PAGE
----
Meng Wanzhou chief financial officer of Huawei is surrounded by security as she leaves B.C. Supreme Court in Vancouver, Wednesday, January, 22, 2020. Wanzhou is in court for hearings over an American request to extradite the executive of the Chinese telecom giant Huawei on fraud charges. THE CANADIAN PRESS/Jonathan Hayward

‘The court is being embarrassed’: Meng lawyers say Crown changed argument

The United States has charged Meng with fraud over allegations she lied to HSBC

A lawyer for Huawei executive Meng Wanzhou says the Crown has changed its arguments, telling a judge who issued an arrest warrant one thing and another to the justice who will rule on the extradition.

A British Columbia Supreme Court hearing wrapped today, focusing on the legal test of double criminality, or whether the conduct Meng is accused of would also be a crime in Canada.

The United States has charged her with fraud over allegations she lied to HSBC about Huawei’s relationship with an Iran-based subsidiary, putting the bank at risk of violating American sanctions.

The defence says the alleged lie would not have put HSBC at financial risk in Canada because the country has no sanctions against Iran, but the Crown argued the bank faced reputational risk that could have led to economic harm.

Meng’s lawyer Scott Fenton says the Crown’s arguments before a judge issuing an arrest warrant in 2018 and in court documents all focus on the risk of violating American sanctions, even when discussing reputational risk.

He says the Crown is now speculating that HSBC could have lost business relationships if it was revealed to be doing business with Iran, regardless of sanctions, and this marks a change in its arguments.

“Milady, in my submission this is wrong. The court is being embarrassed,” Fenton told Justice Heather Holmes.

Meng’s arrest in December 2018 at Vancouver’s airport set off a diplomatic uproar with Beijing detaining two Canadians and restricting some imports in moves widely viewed as retaliation.

She denies the allegations and is free on bail, living in one of her two multimillion-dollar homes in Vancouver.

Holmes reserved her decision after the defence concluded its reply Thursday.

If the judge rules the legal test has been met, then the hearing will proceed to a second phase in June, but if she finds there is no double criminality, Meng will be free to leave Canada.

Her lawyers argued earlier this week that fraud must involve harm or risk of harm, but HSBC wouldn’t have faced any consequences in Canada for doing business in Iran because of the lack of sanctions.

Crown counsel Robert Frater said Wednesday that the judge does not necessarily need to consider American sanctions law for the allegations to amount to fraud in Canada.

HSBC faced significant reputational risk for processing Iran-related transactions because it had already been penalized for doing business in countries including Libya and Sudan, the Crown said.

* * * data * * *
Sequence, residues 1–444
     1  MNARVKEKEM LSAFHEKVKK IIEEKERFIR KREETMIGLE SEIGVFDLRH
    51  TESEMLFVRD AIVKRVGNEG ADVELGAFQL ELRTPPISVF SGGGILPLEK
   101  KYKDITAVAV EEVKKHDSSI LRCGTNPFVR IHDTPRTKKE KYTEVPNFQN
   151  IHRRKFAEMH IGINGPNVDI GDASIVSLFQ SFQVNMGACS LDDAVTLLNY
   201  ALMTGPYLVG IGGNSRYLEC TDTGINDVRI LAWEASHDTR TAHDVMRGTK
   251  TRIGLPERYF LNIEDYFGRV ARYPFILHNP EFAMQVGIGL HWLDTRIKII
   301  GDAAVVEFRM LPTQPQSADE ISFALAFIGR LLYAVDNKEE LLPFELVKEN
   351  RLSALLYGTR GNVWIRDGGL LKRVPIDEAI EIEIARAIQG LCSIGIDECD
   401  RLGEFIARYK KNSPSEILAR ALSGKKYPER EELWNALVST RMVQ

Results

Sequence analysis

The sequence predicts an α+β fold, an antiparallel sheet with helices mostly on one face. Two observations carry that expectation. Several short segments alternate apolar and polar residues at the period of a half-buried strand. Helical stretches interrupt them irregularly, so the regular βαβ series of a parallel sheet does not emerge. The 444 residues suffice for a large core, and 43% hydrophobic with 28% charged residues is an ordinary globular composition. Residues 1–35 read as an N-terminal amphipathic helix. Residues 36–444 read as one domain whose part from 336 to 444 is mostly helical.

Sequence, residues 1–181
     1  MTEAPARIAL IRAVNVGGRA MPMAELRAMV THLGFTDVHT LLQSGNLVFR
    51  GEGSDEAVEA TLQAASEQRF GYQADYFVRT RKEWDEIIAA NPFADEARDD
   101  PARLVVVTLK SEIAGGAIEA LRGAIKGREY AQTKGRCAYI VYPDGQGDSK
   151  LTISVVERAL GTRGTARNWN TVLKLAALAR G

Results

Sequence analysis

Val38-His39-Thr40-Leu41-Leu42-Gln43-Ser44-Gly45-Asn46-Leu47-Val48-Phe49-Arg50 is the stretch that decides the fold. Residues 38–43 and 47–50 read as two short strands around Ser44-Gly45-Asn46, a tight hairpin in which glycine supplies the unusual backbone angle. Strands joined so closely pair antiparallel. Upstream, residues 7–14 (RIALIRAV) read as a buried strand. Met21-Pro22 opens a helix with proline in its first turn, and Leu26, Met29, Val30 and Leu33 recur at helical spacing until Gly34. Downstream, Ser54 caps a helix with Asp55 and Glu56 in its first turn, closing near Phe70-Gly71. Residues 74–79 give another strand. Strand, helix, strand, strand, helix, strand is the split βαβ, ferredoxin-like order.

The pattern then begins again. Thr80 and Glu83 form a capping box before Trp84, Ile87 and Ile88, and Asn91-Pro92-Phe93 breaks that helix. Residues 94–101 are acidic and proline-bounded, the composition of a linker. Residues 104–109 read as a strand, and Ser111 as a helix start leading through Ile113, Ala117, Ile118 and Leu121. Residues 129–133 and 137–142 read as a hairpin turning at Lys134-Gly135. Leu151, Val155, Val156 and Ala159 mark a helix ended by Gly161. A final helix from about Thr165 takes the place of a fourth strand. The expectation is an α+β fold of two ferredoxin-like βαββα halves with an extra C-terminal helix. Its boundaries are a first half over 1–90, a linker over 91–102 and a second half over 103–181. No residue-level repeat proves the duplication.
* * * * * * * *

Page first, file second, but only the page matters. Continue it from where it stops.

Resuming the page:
The Crown also argued that the judge can, according to case law, consider the context of American sanctions in a limited way to understand the risk faced by HSBC.

READ MORE: Fraud case against Meng is straightforward, Crown argues at extradition hearing

The Canadian Press


Like us on Facebook and follow us on Twitter.

Get local stories you won't find anywhere else right to your inbox.
Sign up here

Just Posted

Local cat rescue organization hit by camera theft

“Someone is taking from an organization trying to help cats who are surviving in the wild.”

Fundraising conference, concert on deck for Comox Valley Transition Society

Women Who Inspire Conference and Concert at Filberg Centre March 1

Changes recommended for four Comox Valley schools to ease capacity

Possible measures include cross-boundary transfer closures, modular buildings

North Island College students serving up food and wine at 40 Knots

North Island College tourism and hospitality and culinary students teaming up with… Continue reading

MARS Wildlife Rescue gets help from local children

The new Mountainaire Avian Rescue Society (MARS) visitor centre in Merville has… Continue reading

Pipeline dispute: Tories put no-confidence motion on House of Commons agenda

Conservatives say they have no confidence in the Trudeau government to end the rail blockades

Comox Valley Beefs & Bouquets for week of Feb. 18

More beefs to the tip-expecting server; a bouquet to BC Transit

Original Victoria Clipper vessel sails one last time

Vessel sold to buyers in Gabon, Central Africa

B.C.’s soda drink tax will help kids lose weight, improve health, says doctor

Dr. Tom Warshawski says studies show sugary drinks contribute to obesity

A&W employees in Ladysmith get all-inclusive vacation for 10 years of service

Kelly Frenchy, Katherine Aleck, and Muriel Jack are headed on all-expenses-paid vacations

B.C. mom’s complaint about ‘R word’ in children’s ministry email sparks review

In 2020, the ‘R’ word shouldn’t be used, Sue Robins says

Two new hybrid BC Ferries ships christened with new names in Victoria ceremony

Island Aurora and Island Discovery will service Gulf Island and North Island routes

B.C., federal ministers plead for meeting Wet’suwet’en dissidents

Scott Fraser, Carolyn Bennett says they can be in Smithers Thursday

Province shows no interest in proposed highway between Alberta and B.C.

Province says it will instead focus on expanding the Kicking Horse Canyon to four lanes

Most Read